I've heard 1-1.5x your full-time rate is valid. I know this will likely be context driven, I'm specifically looking for longer-term hourly rates as opposed to short-term / project-based, but would be interested in knowing the differences if there are any.
Thanks in advance folks!
What's your goal with the contracting work? When I was at Meta, the compensation for any contracting I did was insignificant compared to my TC at the full-time job.
My benchmark would be: if the amount you're getting is < 10% of your total comp, it's not worth optimizing for. I'd focus more on viewing the contracting as:
To answer your question directly:
This is an obvious answer, but I think it summarizes the complexity well: the highest amount you can charge and still get work.
So, if you charge 1.5x and have more business than you deal with, charge more. If you charge 1x and don't get any, and you have already improved things like marketing, networking, etc, you will have to charge less.
One thing to keep in mind is that if you are very efficient, charging by the hour hurts your profitability. I know you said you are looking at long term contract roles, but usually investing in those gives you much worse revenue compared to project based contract work or regular employment. Jobs at startups are inflated by outside investment, and FAANG jobs are inflated by their leverage as money printing machines with their core businesses. It is much harder for you to compensate for that as a contractor. So instead, you would probably be better off investing that time in improving your regular salary with interview prep, networking, investing time for internal promotions, etc.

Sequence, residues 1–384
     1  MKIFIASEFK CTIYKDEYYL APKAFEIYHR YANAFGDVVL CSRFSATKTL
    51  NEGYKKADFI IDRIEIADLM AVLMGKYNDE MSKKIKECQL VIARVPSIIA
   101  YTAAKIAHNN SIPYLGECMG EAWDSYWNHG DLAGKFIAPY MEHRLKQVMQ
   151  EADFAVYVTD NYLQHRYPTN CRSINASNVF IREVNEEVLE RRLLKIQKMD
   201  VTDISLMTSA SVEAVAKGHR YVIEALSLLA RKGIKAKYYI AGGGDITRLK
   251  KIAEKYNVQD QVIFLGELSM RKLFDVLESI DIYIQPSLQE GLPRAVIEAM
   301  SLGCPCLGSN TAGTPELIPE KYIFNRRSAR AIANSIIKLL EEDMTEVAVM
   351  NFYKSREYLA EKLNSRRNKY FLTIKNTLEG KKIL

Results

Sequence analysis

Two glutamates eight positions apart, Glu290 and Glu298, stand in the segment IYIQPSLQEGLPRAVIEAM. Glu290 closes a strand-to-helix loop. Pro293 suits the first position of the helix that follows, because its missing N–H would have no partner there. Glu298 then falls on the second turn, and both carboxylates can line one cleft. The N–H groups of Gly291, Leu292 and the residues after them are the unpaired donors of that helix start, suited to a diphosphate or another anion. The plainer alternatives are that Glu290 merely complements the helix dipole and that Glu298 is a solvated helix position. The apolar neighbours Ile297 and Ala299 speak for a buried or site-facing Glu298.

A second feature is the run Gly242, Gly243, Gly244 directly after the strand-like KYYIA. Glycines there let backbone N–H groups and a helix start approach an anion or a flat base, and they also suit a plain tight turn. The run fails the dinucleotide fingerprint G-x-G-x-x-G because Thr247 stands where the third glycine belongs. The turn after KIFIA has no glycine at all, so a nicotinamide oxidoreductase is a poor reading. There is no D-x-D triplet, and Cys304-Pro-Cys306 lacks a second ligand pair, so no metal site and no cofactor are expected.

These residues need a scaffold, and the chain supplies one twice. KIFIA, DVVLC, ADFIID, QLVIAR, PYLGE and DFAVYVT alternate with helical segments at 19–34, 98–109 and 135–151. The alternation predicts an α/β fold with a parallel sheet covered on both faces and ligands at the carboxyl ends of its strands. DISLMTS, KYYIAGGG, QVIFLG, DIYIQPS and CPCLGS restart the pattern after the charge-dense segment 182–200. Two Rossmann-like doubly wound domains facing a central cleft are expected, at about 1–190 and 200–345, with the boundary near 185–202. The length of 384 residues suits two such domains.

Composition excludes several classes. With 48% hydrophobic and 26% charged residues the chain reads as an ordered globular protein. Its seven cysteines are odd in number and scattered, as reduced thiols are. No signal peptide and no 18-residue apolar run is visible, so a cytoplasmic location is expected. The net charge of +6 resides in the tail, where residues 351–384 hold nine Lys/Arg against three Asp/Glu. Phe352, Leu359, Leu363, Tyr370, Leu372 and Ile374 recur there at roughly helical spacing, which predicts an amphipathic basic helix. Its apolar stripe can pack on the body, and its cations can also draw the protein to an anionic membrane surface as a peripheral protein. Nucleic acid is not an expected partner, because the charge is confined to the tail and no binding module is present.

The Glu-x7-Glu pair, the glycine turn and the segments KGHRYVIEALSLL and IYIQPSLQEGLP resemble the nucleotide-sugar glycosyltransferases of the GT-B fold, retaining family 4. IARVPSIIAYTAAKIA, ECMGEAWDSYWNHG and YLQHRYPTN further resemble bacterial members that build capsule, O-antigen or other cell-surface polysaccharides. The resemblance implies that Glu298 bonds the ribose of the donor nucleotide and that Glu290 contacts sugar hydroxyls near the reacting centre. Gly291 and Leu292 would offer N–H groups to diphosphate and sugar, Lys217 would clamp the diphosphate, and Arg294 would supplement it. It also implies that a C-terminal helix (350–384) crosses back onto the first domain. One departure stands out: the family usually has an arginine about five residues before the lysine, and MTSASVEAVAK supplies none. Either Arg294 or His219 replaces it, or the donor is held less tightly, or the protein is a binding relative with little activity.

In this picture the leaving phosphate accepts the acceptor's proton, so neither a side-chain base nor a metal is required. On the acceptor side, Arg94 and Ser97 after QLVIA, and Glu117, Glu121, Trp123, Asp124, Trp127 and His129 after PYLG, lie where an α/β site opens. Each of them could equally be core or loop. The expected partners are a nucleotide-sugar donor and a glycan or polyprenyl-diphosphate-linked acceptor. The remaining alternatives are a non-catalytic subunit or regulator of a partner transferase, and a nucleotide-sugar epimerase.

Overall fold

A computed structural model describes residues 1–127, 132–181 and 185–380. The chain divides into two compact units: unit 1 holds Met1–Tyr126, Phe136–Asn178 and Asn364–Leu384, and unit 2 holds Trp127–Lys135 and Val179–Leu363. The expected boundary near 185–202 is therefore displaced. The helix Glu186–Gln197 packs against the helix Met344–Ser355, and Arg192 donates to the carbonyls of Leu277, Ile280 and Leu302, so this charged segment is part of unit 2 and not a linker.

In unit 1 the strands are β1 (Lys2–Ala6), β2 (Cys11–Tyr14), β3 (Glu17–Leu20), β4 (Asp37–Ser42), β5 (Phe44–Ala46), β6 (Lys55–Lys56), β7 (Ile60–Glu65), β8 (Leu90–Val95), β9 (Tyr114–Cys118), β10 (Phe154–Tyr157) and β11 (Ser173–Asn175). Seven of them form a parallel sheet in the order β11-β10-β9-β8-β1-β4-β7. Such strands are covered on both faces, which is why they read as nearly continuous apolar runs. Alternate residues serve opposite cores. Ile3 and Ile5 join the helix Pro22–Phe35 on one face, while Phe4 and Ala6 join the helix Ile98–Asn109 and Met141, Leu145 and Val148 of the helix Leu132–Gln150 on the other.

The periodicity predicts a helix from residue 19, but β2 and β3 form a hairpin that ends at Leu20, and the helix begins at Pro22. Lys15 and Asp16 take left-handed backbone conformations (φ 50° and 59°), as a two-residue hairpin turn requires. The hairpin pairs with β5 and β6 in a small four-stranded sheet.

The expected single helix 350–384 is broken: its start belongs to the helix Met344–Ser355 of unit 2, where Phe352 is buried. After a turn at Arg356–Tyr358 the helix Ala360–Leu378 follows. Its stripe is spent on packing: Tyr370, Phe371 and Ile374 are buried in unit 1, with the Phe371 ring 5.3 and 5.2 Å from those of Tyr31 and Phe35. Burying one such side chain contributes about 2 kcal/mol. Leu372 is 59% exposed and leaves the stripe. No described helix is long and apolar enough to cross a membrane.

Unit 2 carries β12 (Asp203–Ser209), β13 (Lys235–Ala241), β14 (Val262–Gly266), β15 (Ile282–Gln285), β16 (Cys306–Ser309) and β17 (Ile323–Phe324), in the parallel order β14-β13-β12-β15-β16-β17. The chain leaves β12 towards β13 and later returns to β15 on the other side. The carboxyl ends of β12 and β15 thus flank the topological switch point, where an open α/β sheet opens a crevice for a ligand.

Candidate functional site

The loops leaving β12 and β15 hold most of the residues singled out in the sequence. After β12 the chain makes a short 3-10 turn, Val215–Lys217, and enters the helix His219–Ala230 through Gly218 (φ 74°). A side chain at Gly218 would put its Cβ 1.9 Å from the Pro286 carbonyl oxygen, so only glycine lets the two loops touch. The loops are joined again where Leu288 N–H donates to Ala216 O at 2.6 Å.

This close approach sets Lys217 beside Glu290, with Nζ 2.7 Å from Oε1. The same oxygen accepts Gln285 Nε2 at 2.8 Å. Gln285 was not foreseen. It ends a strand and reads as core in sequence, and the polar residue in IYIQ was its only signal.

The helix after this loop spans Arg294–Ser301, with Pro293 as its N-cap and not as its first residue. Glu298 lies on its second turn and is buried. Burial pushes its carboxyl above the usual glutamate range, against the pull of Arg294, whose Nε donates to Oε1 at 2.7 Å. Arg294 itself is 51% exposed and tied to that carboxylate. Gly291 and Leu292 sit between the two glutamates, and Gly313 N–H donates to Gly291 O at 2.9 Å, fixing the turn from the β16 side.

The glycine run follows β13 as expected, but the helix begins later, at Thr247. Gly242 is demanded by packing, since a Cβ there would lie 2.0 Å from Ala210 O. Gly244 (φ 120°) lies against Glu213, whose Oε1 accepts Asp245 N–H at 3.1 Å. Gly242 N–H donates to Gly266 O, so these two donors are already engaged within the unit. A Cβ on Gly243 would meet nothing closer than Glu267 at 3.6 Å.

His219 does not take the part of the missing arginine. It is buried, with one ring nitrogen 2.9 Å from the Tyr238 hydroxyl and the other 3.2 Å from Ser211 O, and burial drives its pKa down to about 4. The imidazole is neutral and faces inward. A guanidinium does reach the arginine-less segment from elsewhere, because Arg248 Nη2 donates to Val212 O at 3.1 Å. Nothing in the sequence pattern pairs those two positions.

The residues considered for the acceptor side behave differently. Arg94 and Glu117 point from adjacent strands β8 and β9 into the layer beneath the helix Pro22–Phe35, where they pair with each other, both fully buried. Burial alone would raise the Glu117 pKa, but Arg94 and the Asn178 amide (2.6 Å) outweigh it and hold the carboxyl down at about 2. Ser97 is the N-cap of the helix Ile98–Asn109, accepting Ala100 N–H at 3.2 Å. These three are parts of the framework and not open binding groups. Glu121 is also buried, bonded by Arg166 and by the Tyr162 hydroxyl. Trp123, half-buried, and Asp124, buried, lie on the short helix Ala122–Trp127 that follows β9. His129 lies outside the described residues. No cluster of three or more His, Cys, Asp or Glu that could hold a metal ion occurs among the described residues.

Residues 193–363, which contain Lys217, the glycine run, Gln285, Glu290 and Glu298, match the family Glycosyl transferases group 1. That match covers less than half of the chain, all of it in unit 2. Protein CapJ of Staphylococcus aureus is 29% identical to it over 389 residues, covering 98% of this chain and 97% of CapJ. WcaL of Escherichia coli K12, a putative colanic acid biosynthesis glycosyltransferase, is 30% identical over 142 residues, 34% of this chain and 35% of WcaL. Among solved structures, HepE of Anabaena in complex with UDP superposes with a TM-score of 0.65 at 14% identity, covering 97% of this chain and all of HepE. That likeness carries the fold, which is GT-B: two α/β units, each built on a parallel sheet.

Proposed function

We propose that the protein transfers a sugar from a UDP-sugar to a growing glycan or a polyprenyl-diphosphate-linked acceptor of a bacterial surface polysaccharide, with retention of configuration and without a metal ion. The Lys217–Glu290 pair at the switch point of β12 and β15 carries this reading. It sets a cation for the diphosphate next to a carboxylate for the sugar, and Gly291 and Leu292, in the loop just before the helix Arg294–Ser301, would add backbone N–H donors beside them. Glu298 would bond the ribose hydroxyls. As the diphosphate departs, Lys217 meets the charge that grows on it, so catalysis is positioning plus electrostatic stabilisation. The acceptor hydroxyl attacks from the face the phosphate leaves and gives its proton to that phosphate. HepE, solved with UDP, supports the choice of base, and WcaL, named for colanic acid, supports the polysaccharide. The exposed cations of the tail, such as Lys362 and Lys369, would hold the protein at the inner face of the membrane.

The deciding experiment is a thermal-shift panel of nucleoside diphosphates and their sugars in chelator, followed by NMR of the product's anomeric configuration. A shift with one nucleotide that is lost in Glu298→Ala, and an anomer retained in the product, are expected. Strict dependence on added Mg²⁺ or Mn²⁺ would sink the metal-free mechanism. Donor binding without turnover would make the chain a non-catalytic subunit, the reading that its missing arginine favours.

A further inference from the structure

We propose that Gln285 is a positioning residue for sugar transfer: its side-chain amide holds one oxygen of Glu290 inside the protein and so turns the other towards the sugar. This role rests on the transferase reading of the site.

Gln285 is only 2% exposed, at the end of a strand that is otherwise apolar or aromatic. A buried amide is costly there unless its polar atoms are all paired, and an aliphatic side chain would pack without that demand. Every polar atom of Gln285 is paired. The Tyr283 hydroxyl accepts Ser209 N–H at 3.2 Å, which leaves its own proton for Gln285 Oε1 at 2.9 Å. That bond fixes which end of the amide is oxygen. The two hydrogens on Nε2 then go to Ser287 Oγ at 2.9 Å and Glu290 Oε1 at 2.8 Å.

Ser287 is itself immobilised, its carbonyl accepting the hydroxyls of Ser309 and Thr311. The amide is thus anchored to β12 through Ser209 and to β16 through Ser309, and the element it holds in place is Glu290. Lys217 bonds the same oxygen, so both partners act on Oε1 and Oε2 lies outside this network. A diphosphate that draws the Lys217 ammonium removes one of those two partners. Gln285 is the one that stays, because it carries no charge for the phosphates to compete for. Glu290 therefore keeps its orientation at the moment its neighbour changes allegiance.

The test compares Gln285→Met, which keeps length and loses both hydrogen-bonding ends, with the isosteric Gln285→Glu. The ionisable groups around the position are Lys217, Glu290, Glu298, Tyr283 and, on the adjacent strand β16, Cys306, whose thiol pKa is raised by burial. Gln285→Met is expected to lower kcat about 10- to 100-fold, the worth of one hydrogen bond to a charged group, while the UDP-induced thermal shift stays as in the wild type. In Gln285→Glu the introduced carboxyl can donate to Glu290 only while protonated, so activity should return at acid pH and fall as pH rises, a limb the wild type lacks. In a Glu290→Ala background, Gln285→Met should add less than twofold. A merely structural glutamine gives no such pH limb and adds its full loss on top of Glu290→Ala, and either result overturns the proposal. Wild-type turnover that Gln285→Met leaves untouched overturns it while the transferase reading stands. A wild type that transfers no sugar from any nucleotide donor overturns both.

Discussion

However, this isn't the case for project based work and you don't charge by the hour. For example, if you are a 10x developer and charge your hourly rate, you are giving them a 90% discount. If you do project based, that's not the case. In other industries like construction, this is seen as "piece work". It's better to switch to this as quickly as you can since you capture more of the value you generate. For example, if you charge what would take a normal developer 100 hours, but complete it in 20, you are making 5x more. The customer isn't hurt by this at all, since they are still getting the market value. You are just getting the extra value from your productivity. Or, you can charge the cost of 80 hours, when it would take a regular developer 100, and you still capture most of the increase in efficiency but still give the customer a good deal.
However, in practice this ends up being less satisfying. For one, there is tons of competition as you have to compete with developers who don't have access to us FAANG salaries but may be just as productive if not better. Chasing profitability ends up diverting you towards CRUD apps and small websites which are not technically satisfying. Most start off with a smaller network of customer base so they have to charge less to get their foot in the door.
If you want larger complex projects with many stakeholders and working alongside a team, then long term contracts are better for this. However, at that point, it's usually better to invest in your corporate career.